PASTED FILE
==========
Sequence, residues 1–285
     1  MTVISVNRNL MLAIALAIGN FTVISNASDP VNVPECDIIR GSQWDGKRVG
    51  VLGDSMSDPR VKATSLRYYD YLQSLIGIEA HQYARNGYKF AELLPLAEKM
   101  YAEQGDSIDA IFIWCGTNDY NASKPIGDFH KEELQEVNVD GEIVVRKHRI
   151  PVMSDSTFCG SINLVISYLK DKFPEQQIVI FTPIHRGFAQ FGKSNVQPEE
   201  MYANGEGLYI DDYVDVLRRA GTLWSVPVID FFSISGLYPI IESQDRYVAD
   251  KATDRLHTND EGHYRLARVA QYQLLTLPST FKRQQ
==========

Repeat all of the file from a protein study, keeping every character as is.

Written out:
Sequence, residues 1–285
     1  MTVISVNRNL MLAIALAIGN FTVISNASDP VNVPECDIIR GSQWDGKRVG
    51  VLGDSMSDPR VKATSLRYYD YLQSLIGIEA HQYARNGYKF AELLPLAEKM
   101  YAEQGDSIDA IFIWCGTNDY NASKPIGDFH KEELQEVNVD GEIVVRKHRI
   151  PVMSDSTFCG SINLVISYLK DKFPEQQIVI FTPIHRGFAQ FGKSNVQPEE
   201  MYANGEGLYI DDYVDVLRRA GTLWSVPVID FFSISGLYPI IESQDRYVAD
   251  KATDRLHTND EGHYRLARVA QYQLLTLPST FKRQQ